On a route with stations a short distance apart it is theoretically possible to use the unit as a tram without any engine or overhead electrification at all. Instead, the flywheel could be re-energised at each station, storing enough power to carry it on to the next.
Despite the fact that Parry made only a single major breakthrough, namely the launch of the Class 139 Stourbridge trams in the UK market, he was a campaigner for cheaper-to-run, energy-efficient transport, and never gave up his battle for its recognition.
A couple of PPM’s Class 139 trams has been running on a short (1 km) ‘Stourbridge Junction to Stourbridge’ stretch, successfully since 2009. It is a ten minute interval shuttle, with 97 round trips every weekday. The Class 139s are powered by straightforward Ford 86hp 2.3-litre LPG-fuel engines (used in vans and trucks), have flywheels to capture the energy generated and then reuse it for acceleration and powering on-board systems.
Currently, PPM is focussing on a hybrid transmission comprising compressed air, flywheels and batteries that they have termed as ‘Tribrid’. They have amalgamated two hybrids – PPM’s Class 139 hybrid primary driveline and Clayton Equipment’s hybrid battery electric locomotives.
They claim that the ‘Tribrid’ tram will deliver the benefits of electrification by means of Compressed Air Energy Storage or CAES. The power from the traction batteries is supplemented by additional power from the PPM flywheel energy store. While the compressed air tanks are located centrally under the carriage floor, the rest of the components are accommodated within the traction car’s bogies.
The prime mover air motor of the Tribrid vehicle drives a flywheel that accumulates kinetic energy that is linked to an electricity generator providing traction current at a steady rate or in surges to accelerate the vehicle. When cruising at a steady speed the current maintains the momentum of the train and at the same time feeds energy to a pack of high charge batteries. These can be accommodated with space available in the carriage body, but more conveniently in a second bogie, which in most applications will not need to carry traction equipment and has space available. The Tribrid arrangement improves energy efficiency in two different ways:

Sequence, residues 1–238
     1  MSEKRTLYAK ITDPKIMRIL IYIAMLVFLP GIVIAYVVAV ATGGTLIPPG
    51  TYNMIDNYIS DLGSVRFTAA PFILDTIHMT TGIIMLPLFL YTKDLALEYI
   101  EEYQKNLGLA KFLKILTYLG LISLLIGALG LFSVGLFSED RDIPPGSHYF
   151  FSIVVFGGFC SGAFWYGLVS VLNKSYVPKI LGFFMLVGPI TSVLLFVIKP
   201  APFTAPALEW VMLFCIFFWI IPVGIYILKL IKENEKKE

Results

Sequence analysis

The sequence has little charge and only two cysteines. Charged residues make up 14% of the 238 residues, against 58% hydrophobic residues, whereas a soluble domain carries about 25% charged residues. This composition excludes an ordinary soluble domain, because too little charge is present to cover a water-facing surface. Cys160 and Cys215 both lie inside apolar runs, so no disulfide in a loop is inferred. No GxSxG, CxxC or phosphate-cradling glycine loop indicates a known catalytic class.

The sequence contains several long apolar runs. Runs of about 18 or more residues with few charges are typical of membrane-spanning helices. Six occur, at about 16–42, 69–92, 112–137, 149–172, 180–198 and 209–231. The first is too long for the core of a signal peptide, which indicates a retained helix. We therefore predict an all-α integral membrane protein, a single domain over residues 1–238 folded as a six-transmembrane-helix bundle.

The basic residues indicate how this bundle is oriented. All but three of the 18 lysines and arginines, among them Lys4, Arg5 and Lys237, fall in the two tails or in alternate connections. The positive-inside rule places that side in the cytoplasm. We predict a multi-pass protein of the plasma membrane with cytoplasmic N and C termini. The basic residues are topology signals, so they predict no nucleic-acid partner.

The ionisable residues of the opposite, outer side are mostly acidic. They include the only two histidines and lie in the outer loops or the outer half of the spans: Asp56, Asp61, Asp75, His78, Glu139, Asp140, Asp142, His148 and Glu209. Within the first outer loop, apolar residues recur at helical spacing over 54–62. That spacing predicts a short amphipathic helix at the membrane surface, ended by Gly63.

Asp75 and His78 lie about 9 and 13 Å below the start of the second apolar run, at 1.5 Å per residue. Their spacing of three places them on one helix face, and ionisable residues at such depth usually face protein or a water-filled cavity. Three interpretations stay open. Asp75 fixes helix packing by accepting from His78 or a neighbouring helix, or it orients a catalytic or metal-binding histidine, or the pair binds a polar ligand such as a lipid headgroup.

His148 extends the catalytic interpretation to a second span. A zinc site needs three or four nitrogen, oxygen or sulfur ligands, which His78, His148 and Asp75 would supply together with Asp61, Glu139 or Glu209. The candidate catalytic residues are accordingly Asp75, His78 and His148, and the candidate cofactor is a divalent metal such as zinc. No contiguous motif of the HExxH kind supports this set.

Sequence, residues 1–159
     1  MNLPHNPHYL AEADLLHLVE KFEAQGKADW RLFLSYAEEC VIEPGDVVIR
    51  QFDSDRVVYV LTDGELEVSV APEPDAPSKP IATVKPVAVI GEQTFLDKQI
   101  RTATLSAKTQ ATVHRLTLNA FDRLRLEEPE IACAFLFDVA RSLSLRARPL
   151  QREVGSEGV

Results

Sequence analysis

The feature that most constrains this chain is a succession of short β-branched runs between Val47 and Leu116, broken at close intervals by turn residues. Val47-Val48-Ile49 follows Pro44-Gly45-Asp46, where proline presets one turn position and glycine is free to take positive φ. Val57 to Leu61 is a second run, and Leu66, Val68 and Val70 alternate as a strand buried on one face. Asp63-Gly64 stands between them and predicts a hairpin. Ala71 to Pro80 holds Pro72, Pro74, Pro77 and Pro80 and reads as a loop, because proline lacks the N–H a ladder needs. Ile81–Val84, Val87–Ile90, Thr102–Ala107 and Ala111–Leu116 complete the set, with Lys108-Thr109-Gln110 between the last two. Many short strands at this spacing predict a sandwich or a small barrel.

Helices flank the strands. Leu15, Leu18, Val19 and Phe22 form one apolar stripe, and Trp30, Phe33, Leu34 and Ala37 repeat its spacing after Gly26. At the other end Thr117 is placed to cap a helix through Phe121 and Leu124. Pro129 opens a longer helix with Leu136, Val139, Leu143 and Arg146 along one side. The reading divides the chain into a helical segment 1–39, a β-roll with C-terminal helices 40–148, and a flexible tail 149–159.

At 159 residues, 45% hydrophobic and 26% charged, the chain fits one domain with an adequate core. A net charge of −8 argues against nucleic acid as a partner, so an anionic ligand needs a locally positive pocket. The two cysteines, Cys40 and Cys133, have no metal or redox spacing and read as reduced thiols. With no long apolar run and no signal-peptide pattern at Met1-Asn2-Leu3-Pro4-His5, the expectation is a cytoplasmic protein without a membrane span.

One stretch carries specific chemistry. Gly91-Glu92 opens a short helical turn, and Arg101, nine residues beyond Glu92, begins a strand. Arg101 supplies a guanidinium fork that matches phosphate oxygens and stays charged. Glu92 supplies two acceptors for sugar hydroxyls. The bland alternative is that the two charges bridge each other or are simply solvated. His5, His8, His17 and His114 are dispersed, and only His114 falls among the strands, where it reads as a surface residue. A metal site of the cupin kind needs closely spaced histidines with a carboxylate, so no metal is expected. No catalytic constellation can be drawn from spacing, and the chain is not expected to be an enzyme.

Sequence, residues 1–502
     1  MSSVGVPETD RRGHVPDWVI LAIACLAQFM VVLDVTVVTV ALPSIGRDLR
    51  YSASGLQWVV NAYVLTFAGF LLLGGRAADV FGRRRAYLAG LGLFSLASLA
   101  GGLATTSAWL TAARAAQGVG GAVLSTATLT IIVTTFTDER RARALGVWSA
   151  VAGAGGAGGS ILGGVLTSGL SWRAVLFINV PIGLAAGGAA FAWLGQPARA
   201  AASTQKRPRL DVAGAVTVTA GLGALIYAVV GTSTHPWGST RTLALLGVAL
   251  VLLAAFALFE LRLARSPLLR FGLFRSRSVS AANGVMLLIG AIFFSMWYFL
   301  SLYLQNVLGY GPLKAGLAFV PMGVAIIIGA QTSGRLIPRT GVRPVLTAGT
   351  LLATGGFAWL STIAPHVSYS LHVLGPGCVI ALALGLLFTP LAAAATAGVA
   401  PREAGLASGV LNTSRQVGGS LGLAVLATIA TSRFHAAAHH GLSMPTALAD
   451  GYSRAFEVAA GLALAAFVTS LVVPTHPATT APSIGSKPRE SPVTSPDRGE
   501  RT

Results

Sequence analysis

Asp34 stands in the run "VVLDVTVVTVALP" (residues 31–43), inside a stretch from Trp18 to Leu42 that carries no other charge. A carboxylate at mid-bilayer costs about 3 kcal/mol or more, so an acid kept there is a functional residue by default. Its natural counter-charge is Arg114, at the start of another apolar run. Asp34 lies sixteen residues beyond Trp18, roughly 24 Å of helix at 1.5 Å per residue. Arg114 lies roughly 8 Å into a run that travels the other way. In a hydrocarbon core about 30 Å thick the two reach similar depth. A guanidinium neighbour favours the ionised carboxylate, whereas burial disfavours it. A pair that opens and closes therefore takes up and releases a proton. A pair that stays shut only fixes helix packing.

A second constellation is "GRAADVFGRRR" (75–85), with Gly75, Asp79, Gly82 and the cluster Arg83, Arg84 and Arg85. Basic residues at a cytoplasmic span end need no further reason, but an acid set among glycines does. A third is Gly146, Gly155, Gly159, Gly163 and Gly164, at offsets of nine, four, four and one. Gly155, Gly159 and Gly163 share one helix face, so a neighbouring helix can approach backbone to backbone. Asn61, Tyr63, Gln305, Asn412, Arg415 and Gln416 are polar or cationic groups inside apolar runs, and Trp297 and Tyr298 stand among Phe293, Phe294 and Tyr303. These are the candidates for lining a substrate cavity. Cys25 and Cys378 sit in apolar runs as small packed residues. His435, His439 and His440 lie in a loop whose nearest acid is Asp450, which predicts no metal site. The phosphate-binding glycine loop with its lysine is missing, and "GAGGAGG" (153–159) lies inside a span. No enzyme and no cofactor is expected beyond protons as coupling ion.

At times when the vehicle is descending gradients and slowing down approaching a station it is not necessary to apply the brakes as the energy flow to the wheel’s reverses, returning charge to the batteries. When hydrostatic secondary drivelines are used (as in the Class 139s) this accelerates the flywheel, recovering kinetic energy;
Because the prime mover motor is far smaller than in a non-hybrid vehicle its energy consumption is lower, and needing less space is easier to fit in a bogie.
What we admire about Parry’s vision to help the environment, is that his design does not charge batteries from the AC mains supply generated from fossil fuels. Instead he uses CAES that can be stored in bulk quite cheaply and which can be piped across to the tram car very quickly at any time at any trackside store located at a tram stop.
At each of these trackside stores, PV solar energy can be used to drive air compressors till its storage tanks again become full and the same can be further used by the next tram taking a halt at the store.
Coventry Very Light Rail (CVLR) Tram System
The Coventry Very Light Rail (CVLR) tram system is also an ULRT and an environment-friendly and economic public transport system that will be the first of its kind to operate in the United Kingdom, and also the first tram network to operate in Coventry after the Second World War. The CVLR system includes lightweight, self-propelled vehicles. It uses batteries to avoid expensive overhead line equipment along much of the route. They have designed a new, thinner track system that is easier to install and repair. The vehicle is standard UK gauge and hence is compatible with their other rail networks. It is claimed that the CVLR tram system is designed to be substantially cheaper than conventional tramways and light railways. Work is headed by Warwick Manufacturing Group (WMG) and Transport Design International (TDI) and the system is planned to be operational by 2024. They eventually plan to operate these vehicles autonomously (without a driver).